Parashat Vayakhel Repairing the Sin of the Golden Calf In last week’s parasha, before the sin of the golden calf, Hashem spoke to B’nei Yisrael about the importance of Shabbat. And now this week’s Parashat Vayakhel opens with, “And Moshe gathered the people of B’nei Yisrael and said to them, ‘These are the things that Hashem commanded... On six days, work may be done, but the seventh day shall be holy for you, a day of complete rest for Hashem!’” We see that the Torah brings up Shabbat again, but this time it’s discussed prior to the construction of the Mishkan. Rashi explains that this is to inform the nation of Shabbat’s magnitude, that even building the Mishkan cannot take precedence over Shabbat. The Or HaChaim explains that idol worship constitutes a repudiation of all 613 mitzvot. Therefore, for B’nei Yisrael’s teshuvah for the golden calf to be complete, and for them to merit the Mishkan in their lifetime, they had to once again accept all the mitzvot upon themselves. Shabbat is equivalent to the entire Torah. Hashem repeated the mitzvah of Shabbat to give B’nei Yisrael the means to accept all 613 mitzvot. The Or HaChaim continues and says that the first passuk ends with, “These are the things that Hashem commanded, to do them,” which can also be interpreted as, “to repair them — because the commandment of Shabbat was a means to repair the damage of the sin of the golden calf! Hashem’s Hidden Treasure If you would ask any wealthy man today where he keeps his most treasured possessions, he might tell you that he has his precious jewels in his safe. Another will say that he has his coin or stamp collection in his safety deposit box in the bank, along with his cash, and yet another will say that his priceless art collection is hidden safely in his vault. There’s an amazing Gemara in Masechet Shabbat (10b) that says, “Hashem said to Moshe... ‘I have a wonderful gift in My treasure house and its name is Shabbat. I wish to give this precious gift to the Jewish people; go and inform them!’” Hashem is telling us that He has a special treasure that He has hidden away and wants to give it to us, the Jewish people. How can we even try to compare the treasures of humans, like jewels, coins, and works of art to the magnificent gift of Shabbat that Hashem kept in His treasure house and gave to us at Har Sinai? It’s impossible. So why don’t we treasure the gift of Shabbat that Hashem gave us as we would any other earthly riches? The answer is that we don’t understand the magnitude of the gift of Shabbat, so we take it for granted and we don’t treat it as we should. We must understand that the degree to which we elevate the Shabbat spiritually is the same level of beracha that we will receive from Hashem! Shabbat in Vayakhel The Arizal says the reason that Shabbat comes right after the episode of the golden calf is because when B’nei Yisrael sinned with the golden calf, they lost the crowns they received when they had accepted the Torah with the words naaseh ve’nishmah. Those crowns brought so much beracha for health and prosperity. If we keep the Shabbat in the proper way, we will merit to get some of those crowns back! Another Gemara in Masechet Betza (16a) says that, “Hashem placed an additional soul in all of us on Erev Shabbat and it’s taken away from us when the Shabbat ends.” In Masechet Shabbat (118a) it says that “Those who delight in the Shabbat are given a boundless inheritance which will come in Olam Habah but will reap the benefits of that gift in Olam Hazeh as well.” In the Torah it says, On six days, work may be done, but the seventh day shall be holy for you, a day of complete rest for Hashem! Whoever does work on it shall be put to death. You shall light no fire in any of your dwellings on the Shabbat day (35:2).” The Shabbat laws were already mentioned in greater detail in last week’s parasha (31:12-17). The repetition this week, at the beginning of Vayakhel, seems redundant. Why is it necessary to begin the section dealing with donating money to the Mishkan with this brief preamble about Shabbat? Many commentaries deal with this question. Rav Naiman notes in his Sefer Darkei Mussar a peculiarity in the expression “Sheshet yamim taaseh melacha,” which literally means “six days WORK SHALL BE DONE.” A more common expression, as we indeed find elsewhere in the Torah, is “Sheshet yamim taaseh melachtecha” which means “For six days YOU SHALL DO YOUR WORK.” It is peculiar to use the passive form of the verb for doing work. The Darkei Mussar suggests that by use of this expression, the Torah is teaching us a fundamental rule for anyone who is engaged in earning a livelihood. The amount of money a person makes is NOT commensurate with the amount of effort he puts into his job. Intentions are extremely important. A person is indeed required to try to earn a living and support a family. One who does not make that effort and expects “maan” from heaven will be disappointed! However, it is flawed to make the equation that “The more work I do the more money I will make.” It does not work like that. The Almighty decides what each of us should earn. We can exhaust ourselves in our professions and either we will not succeed in earning as much as we feel we should earn or we perhaps will earn all that money and then lose it due to unforeseen expenses or poor investments, or a variety of other “unforeseen circumstances.” On the other hand, one can exert the right amount of effort and the Almighty may bless the actions of his hands to earn large sums of money, far greater than others who work much harder. This is a fundamental belief in our religion and it really is what Shabbat observance is all about. Common wisdom is, “Of course if one works seven days a week, he will make more money than if he works six days a week.” And yet, the Torah commands us to work only six days. If the Almighty wants to bestow upon us a certain degree of financial success, he will bestow it to us whether we expend six days of effort to earn it or we expend seven days of effort to earn it. “For six days work SHALL BE DONE.” The work must be done, but one should not think “You shall do work.” The “you” is not what makes the money, it is the “He” (Hashem) allows “you” to earn a living. There’s a famous saying that goes “As much as the Jews kept Shabbat, the Shabbat kept the Jews!” The Shabbat that we keep today and that was kept throughout the generations is the secret that preserved the Jewish nation until this very day. Do Not Kindle a Fire Moshe conveys to B’nei Yisrael G-d’s command to observe Shabbat, and he specifies the particular prohibition against kindling a flame. “Do not kindle fire in any of your residences on the day of Shabbat (35:3).” Rabbi Mansour asks why Moshe would single out this specific prohibition. He answers that this verse alludes to the fire of anger. While we are to always strive to avoid anger, this is especially important on Shabbat, and so Moshe warns in this verse that we not “kindle” the “fire” of anger on Shabbat. Whenever we prepare to do something great, the Satan tries to sabotage the undertaking. This is one reason given for the custom to break a glass at a wedding ceremony. Knowing that the Satan will try to disrupt this sacred, precious moment, we offer the Satan a “bribe,” breaking an expensive glass, as though telling the Satan, “Here, something went wrong, something valuable was broken. You got what you wanted, so now leave us alone.” This true of Shabbat, as well. The Chida wrote that there is a special yetzer hara that sets in during the final few hours before Shabbat on Friday afternoon. Knowing the immense spiritual benefits of Shabbat, the Satan slyly steps in to interfere on Friday afternoon in order to create tension and strife in the home. Electricians can attest that more ovens break in Jewish homes on Friday than on any other day of the week. Plumbers will tell you that they get more calls about leaks and clogs on Friday than at any other time. This is very real, and it is no coincidence. This is the Satan trying to arouse anger and tension in the home to prevent us from receiving the precious spiritual blessings that Shabbat offers us. Let us commit ourselves to foil the Satan’s weekly scheme by being especially patient and calm on Erev Shabbat, by avoiding anger so we can then receive the great benefits of Shabbat and bring Hashem’s presence into our homes. Honor Shabbat A girl from a non-observant family had become a ba’alat teshuvah. Her father was in the retail lighting business, and each of his children was required to work one day a week in his store. It so happened that this girl’s turn fell on Saturday. She was torn between her father and Shabbat, not knowing which to honor. Finally, she decided that she would honor her father – but in her own way. Every Saturday morning, she walked to the store and politely stood behind the counter waiting for customers. But when they asked her how much an item cost, she quoted prices so preposterous that the customers immediately walked out. The girl was very satisfied; she obeyed her father but never made a single sale, and so she was never mechalelet Shabbat. After three weeks, her father began to wonder why he was doing zero business on Saturdays. He decided to spy on his daughter. Just then, a man entered and inquired about a $180 chandelier. “That chandelier is very special,” the girl said. “It costs $1,000.” The man said the price was too high and he left. The girl was relieved, until she saw her enraged father coming toward her. “Why did you do that?!” he bellowed. “Do you know how much money you’ve lost me?” The next day, the father was surprised to see the same man walk back into the store. “I realize that $1,000 is a lot of money,” he said, pointing to the $180 chandelier, “but I really had my heart set on it. I looked all over the city for one like it and found nothing else. So here,” he added, reaching for his checkbook, “I’l1 give you $1,000 for it, all right?” Stunned, the shopkeeper sold him the chandelier, but only at its true price. He then called his daughter and announced that he had witnessed a supernatural event. “It came from Shamayim,” he said, and it imparted a profound message. “From this day forward,” he declared, “the whole family will be shomer Shabbat, like you.” May we all learn to appreciate the Shabbat and keep it to the highest standards that we possibly can, because it is the true source of all our berachot. May we also see the fruits of our Shabbat berachot through the Shabbatot that we enjoy with our children, grandchildren, and great grandchildren! May we all stay safe and healthy and have an easy time ahead of us in the coming weeks and years! Amen! Shabbat Shalom! Rabbi Amram Sananes as written by Jack Rahmey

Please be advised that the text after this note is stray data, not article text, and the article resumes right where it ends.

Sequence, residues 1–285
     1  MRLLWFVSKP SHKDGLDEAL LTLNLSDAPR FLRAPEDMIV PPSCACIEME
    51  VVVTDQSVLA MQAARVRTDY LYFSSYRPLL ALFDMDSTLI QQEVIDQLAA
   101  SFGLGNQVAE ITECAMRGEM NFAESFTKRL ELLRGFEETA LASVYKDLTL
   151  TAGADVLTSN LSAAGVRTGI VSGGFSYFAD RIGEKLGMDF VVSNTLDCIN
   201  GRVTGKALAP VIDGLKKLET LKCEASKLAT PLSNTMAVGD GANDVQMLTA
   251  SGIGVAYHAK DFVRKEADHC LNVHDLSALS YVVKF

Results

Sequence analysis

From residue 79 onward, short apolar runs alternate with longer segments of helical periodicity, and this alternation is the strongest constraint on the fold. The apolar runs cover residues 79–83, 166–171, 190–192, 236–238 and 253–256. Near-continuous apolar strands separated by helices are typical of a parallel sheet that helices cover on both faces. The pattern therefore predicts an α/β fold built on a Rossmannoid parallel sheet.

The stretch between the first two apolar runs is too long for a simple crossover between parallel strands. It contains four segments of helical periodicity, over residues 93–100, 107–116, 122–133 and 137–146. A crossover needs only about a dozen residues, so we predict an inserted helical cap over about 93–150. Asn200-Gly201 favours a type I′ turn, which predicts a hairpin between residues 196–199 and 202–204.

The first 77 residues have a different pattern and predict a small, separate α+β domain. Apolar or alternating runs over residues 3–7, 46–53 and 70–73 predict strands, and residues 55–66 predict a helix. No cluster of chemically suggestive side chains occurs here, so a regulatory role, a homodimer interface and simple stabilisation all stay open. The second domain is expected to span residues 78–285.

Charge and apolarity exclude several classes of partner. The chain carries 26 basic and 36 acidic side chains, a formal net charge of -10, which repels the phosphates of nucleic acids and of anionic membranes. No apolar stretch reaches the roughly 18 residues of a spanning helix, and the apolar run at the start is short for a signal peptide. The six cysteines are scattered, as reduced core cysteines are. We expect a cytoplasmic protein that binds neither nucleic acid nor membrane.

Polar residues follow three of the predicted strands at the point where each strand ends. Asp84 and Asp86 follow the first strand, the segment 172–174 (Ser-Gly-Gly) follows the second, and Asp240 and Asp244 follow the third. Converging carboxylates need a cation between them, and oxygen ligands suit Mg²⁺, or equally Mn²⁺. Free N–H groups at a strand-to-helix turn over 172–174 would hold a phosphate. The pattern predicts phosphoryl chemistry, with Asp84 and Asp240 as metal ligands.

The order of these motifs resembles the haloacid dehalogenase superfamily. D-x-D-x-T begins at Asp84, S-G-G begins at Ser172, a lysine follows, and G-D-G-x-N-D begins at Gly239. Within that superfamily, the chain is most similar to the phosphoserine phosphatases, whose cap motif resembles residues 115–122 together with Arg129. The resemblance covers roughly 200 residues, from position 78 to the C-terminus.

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Discussion Points:

  • Do we treasure Shabbat as much as we do our earthly possessions?

Summary:

  • We must understand the magnitude of the gift of Shabbat, so we don’t take it for granted, because the degree to which we elevate the Shabbat spiritually is the same level of beracha that we will receive from Hashem!

  • A person is indeed required to try to earn a living and support a family. One who does not make that effort and expects “maan” from heaven will be disappointed! However, it is flawed to make the equation that “The more work I do the more money I will make.” The Torah commands us to work only six days.

  • Moshe conveyed the commandment of not kindling a fire on Shabbat. We learn he was referring to the fire of anger. Knowing the immense spiritual benefits of Shabbat, the Satan slyly steps in to interfere on Friday afternoon in order to create tension and strife in the home. Let’s avoid anger so we can receive the great benefits of Shabbat and bring Hashem’s presence into our homes.